Another thing that bothers me about bad crashes: They always seem to be in slow motion. The real event is NOT like that. It is over in an instant, and there is a feeling of utter helplessness. The steering wheel doesn't work, and there is nothing you can do to keep the concrete pillar from rushing towards the front wind-shield.

I honestly don't know how you would convey this in a film, these feelings, but the things I see on the big screen are tired, cliche, and frankly not an accurate representation of the real event. And the real event is far scarier.

Actually the closest I've seen to real is I think a series of "Allstate" commercials. People are talking, car interior night shots, and then BAM! out of nowhere they get hit by another car. THAT's the way a crash really is. It is the last thing in the world on your mind. You don't see it coming or expect it. It happens in a split-second, and there's nothing you can do to stop it when you do see it coming at the last second. That is what makes a crash really scary and dramatic.


One final thought: Do yourself a favor and don't tip off or foreshadow the event with something cliche, like dramatic music or really really wreckless behaviour that everyone in the audience will realize is leading up to the crash. I can't stand that either. That is very seldom the cause of a real crash. Even when it is (like, say with drunk drivers), usually it is another innocent motorist or pedestrian that ends up getting killed, not the guilty party.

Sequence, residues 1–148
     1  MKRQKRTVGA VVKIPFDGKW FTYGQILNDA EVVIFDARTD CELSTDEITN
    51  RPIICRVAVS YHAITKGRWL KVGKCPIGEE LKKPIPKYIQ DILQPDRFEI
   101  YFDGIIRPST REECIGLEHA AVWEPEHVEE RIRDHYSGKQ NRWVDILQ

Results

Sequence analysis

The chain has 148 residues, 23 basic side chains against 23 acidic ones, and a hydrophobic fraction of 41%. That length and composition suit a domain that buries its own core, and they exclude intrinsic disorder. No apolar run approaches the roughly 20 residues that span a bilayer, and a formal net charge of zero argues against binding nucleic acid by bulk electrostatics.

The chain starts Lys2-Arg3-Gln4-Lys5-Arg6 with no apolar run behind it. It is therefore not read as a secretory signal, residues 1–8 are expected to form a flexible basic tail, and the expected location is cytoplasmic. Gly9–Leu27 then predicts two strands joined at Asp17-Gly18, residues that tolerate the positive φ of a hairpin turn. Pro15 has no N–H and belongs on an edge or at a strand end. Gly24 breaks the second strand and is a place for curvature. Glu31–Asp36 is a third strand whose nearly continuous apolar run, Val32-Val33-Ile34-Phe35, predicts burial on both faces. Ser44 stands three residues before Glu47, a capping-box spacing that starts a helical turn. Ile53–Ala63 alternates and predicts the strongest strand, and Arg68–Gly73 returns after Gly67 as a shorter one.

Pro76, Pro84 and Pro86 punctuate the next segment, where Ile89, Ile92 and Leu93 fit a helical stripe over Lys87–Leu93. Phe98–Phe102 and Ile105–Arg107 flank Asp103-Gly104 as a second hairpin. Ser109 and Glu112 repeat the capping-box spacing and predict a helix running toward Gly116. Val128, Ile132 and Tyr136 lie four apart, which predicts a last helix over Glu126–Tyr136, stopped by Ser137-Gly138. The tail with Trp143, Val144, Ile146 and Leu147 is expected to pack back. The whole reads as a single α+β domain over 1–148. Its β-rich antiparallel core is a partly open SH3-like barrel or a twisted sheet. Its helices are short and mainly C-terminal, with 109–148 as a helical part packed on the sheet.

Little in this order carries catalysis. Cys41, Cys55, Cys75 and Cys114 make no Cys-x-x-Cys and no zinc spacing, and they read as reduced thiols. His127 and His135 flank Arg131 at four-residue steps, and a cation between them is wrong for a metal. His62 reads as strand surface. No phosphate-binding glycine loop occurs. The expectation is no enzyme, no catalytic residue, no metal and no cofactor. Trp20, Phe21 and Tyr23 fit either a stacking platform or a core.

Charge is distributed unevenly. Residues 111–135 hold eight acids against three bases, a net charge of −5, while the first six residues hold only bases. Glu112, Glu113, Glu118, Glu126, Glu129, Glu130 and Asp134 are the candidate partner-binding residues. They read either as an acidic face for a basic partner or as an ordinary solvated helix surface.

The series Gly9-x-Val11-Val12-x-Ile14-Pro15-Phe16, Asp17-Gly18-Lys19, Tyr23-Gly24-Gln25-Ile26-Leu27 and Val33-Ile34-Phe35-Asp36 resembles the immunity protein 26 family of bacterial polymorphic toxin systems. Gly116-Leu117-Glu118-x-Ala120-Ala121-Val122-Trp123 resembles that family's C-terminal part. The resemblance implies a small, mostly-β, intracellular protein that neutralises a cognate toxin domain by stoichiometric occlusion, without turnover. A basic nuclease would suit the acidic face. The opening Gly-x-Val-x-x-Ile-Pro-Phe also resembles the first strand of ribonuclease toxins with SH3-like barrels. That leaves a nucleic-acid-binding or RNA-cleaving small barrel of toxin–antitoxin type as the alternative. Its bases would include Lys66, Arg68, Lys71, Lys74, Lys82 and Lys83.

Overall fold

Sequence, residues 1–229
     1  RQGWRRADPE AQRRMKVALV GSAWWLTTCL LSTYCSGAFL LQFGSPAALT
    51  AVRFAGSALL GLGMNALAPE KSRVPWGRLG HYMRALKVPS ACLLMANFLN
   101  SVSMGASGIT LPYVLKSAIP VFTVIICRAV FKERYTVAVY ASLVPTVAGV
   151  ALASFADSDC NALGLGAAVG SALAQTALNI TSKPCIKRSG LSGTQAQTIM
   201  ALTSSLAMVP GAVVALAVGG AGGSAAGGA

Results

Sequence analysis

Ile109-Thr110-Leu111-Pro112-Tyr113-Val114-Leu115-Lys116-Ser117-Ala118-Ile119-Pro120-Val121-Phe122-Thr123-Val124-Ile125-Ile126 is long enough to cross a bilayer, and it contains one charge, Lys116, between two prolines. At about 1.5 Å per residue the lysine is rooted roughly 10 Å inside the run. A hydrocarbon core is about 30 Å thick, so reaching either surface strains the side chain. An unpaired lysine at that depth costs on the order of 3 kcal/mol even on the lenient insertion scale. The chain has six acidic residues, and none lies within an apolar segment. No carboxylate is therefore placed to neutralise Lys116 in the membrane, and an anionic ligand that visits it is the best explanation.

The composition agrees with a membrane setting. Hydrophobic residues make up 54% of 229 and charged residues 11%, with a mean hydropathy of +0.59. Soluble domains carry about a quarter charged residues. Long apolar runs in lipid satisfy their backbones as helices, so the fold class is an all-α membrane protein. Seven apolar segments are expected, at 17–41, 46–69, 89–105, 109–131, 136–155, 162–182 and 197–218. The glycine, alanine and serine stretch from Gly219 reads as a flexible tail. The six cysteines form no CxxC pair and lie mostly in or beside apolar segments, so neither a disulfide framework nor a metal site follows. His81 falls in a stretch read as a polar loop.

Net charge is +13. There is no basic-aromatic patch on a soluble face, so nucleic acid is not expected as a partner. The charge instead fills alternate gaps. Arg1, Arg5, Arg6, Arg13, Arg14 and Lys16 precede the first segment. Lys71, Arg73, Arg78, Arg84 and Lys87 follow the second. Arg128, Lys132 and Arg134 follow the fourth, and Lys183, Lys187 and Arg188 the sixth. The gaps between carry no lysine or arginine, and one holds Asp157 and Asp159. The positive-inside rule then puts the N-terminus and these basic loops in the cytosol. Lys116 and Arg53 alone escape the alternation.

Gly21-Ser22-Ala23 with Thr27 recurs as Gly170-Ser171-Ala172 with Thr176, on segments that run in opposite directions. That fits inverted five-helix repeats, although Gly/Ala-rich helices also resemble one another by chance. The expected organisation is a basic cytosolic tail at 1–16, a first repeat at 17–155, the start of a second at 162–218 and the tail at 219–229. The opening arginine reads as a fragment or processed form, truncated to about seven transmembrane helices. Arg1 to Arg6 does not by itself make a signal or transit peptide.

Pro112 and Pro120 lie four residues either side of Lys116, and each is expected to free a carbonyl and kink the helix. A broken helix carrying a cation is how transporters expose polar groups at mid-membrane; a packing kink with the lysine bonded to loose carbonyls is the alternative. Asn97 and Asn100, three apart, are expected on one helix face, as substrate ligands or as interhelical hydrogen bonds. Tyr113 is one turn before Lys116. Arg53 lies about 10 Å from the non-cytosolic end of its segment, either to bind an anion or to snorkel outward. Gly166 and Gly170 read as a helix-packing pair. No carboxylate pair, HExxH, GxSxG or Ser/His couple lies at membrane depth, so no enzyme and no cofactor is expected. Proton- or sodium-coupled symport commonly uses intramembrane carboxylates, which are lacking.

Edited by Karl Borowski, 28 April 2009 - 07:33 AM.

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#4 Stuart Brereton

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Posted 28 April 2009 - 02:33 PM

I've recently shot a setup very like this for a medical drama. We did it in two passes from a lockoff camera position. First we positioned the car and the truck together as if they had just hit each other. Then we pulled the truck back and shot the car and driver against greenscreen. Next, we pulled the car out, and shot the truck reversing away from the crash site. The VFX supervisor did a very quick composite on site in FCP and it was all very effective.

Of course, we then went on to actually crash the truck into the (now empty) car, but the greenscreen approach worked really well to get our actor into the thick of it.
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#5 Daniel Madsen

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Posted 28 April 2009 - 11:09 PM

An option:

D is the distance between the camera and the rear projection screen, which should also be the distance between the camera and the point at which the skidding car comes to rest when you shoot the background plate ( B ).

The advantage to rear projection is the car can be “rocked” when the car appears to be hit. I recommend rocking the car with a 2x4 and an apple box. This alone won’t be enough so jar the camera as well and consider some green screen blood splatter ©. You may actually want to be inside the car (not outside like the illustration would suggest).

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#6 Adam Adorno

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Posted 29 April 2009 - 01:31 AM

haha Thanks for that picture, that was great.

After reading all of your ideas, I created 3 different methods to film this. One of them includes performing the entire thing backwards, although, the hair kicking up at the moment of impact is going to be tricky when working in reverse.

I'm going to film some tests with a friend of mine on Friday, and I'll try to post some samples up asap!

Thanks again for everyone's help. This community is exactly what I've needed.
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#7 K Borowski

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Posted 29 April 2009 - 08:13 AM